Bereshit, Chapter 4 and Tehilim, Chapter 39

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August 13 2009

Chapter 39 in Sefer Tehilim expresses profound anguish and pain, introspection and psychological tension. Moreover, it contains both complete verses and short phrases that, prima facie, contradict the ultimate optimism that is presumably characteristic of a believer in God. The JPS translation of the psalm is as follows:

  1. For the leader; for Jeduthun. A psalm of David.

  2. I resolved I would watch my step

      Lest I offend by my speech;

      I would keep my mouth muzzled

      While the wicked man was in my presence.

  1. I was dumb, silent;

      I was very still

      While my pain was intense.

  1. My mind was in a rage,

      My thoughts were all aflame;

      I spoke out:

  1. Tell me, O L-RD, what my term is,

      What is the measure of my days;

      I would know how fleeting my life is.

  1. You have made my life just handbreadths long;

      Its span is as nothing in Your sight;

      No man endures any longer than a breath. Selah.

  1. Man walks about as a mere shadow;

      Mere futility is his hustle and bustle,

      Amassing and not knowing who will gather in.

  1. What, then, can I count on, O  L-RD?

      In you my hope lies.

  1. Deliver me from all my transgressions;

      make me not the butt of the benighted.

  1. I am dumb; I do not speak up,

      for it is Your doing.

  1. Take away your plague from me;

      I perish from Your blows.

  1. You chastise a man in punishment for his sin,

      Consuming like a moth what he treasures.

      No man is more than a breath.     Selah. 

  1. Hear my prayer, O  L-RD;

            Give ear to my cry;

Do not disregard my tears;

For like all my forbears I am an alien, resident with You.

  1. Look away from me, that I may recover,

      Before I pass away and am gone

Several verses in particular merit close attention. First, what is meant by the phrase No man endures any longer than a breath, which appears, both verse 6 and reappears, albeit in a slightly different form (No man is more than a breath) in verse 12? Second, the last verse (14) is particularly striking. What is meant by the plea to Look away from me? Religious people who are in pain want God to davka look at them, to save them from distress!

An Israeli Bible scholar, Rabbi Professor Meir Weiss (1909-1998), analyzed this psalm at length. His conclusions, published as a Hebrew article simply titled “Psalm 39,” were published in the Hebrew book The Bible in the Light of its Interpreters (Sarah Kamin Memorial Volume), ed. by Sara Japhet  (Jerusalem, 1994), pp. 629-46, and reprinted in the Hebrew collection of Professor Weiss’ essays,  Ideas and Beliefs in the Book of Psalms (Jerusalem, 2001), pp. 71-91. (For those who are not familiar with Professor Weiss or his work, it might be of interest to note that he was a close friend and colleague of the late Prof. Nechama Leibowitz (1905-1997), and they even collaborated on a book together.)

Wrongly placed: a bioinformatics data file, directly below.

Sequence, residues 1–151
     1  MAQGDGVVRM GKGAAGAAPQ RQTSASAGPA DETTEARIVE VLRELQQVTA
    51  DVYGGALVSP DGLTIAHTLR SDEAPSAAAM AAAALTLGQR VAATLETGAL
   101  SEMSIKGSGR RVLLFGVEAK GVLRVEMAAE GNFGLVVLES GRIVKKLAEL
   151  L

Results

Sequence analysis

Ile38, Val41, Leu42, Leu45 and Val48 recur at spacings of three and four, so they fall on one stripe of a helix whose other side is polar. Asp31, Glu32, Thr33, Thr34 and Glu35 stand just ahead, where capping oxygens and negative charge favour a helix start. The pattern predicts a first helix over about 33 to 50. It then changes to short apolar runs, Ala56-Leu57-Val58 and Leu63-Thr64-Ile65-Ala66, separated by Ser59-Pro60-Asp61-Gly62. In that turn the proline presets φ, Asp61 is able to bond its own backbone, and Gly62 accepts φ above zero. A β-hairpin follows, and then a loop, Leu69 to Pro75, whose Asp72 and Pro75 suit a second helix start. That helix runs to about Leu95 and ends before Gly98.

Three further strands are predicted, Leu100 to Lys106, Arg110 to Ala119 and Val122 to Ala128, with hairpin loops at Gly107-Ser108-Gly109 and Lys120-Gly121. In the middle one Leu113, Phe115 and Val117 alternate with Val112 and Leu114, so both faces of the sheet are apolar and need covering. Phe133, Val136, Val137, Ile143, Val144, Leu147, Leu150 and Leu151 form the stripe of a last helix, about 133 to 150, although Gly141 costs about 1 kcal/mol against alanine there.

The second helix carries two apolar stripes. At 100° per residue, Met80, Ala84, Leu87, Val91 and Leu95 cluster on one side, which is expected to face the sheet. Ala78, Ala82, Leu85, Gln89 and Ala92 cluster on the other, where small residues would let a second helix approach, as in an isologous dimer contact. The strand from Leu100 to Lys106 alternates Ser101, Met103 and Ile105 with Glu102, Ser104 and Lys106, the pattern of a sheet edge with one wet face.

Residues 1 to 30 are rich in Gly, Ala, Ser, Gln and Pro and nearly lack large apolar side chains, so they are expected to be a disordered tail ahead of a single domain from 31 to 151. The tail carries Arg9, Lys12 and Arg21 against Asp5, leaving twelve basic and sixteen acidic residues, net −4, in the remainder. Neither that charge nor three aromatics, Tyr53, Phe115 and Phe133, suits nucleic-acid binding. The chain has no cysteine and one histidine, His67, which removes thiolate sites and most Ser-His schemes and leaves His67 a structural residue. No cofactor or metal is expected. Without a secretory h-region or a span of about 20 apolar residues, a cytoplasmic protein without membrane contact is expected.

Professor Weiss cites (but ultimately rejects)the astounding and astonishing interpretation of a Spanish biblical scholar, Luis Alonso Schokel (1920-1998), as presented in his article “Todo Adan es Abel: Salmo 39,” Estudios Biblicos, Vol. 46 (Madrid, 1988), pp. 269-82.  This scholar, remarkably, connected Psalm 39 with the Cain and Abel narrative in Bereshit, chapter 4, verses 1-8. How so? The Torah there states as follows (JPS translation):

    Now the man knew his wife Eve, and she conceived and bore Cain, saying, “I have gained a male child with the help of the L-RD. (2) She then bore his brother Abel. (3) In the course of time, Cain brought an offering to the L-RD from the fruit of the soil; (4) and Abel, for his part, brought the choicest of the firstlings of his flock. The L-RD Look away from me, (5) but to Cain and his offering he paid no heed. Cain was much distressed and his face fell. (6) And the L-RD said to Cain,

    “Why are you distressed,

    And why is your face fallen?

    (7) Surely, if you do right,

    There is uplift.

    But if you do not do right

    Sin is the demon at the door,

    Whose urge is toward you,

    Yet you can be his master.”

    (8) And Cain said to his brother Abel…and when they were in the field, Cain set upon his brother Abel and killed him.

Now the Hebrew name of Abel, of course, is Hevel. But this is also the key Hebrew word in the aforementioned phrases in Psalm 39, verse 6 and 12 (No man endures any longer than a breath =Akh [kol] hevel kol adam)! Prof. Alonso-Schokel suggested that this verse in Tehilim is utilizing the word hevel as a double entendre. The verse is stating much more than the fact the even the strongest of men will eventually wither away and die, a theme found, for example, in the biblical book of Qohelet (1:2) as well as elsewhere in Tehilim (e.g., Psalms 62:10, 94:11, 124:4). It is expressing, in a tone of despair, that the fate of the original Hevel (=Abel), who was innocent but nonetheless was murdered, can be the fate of anyone is this cruel world.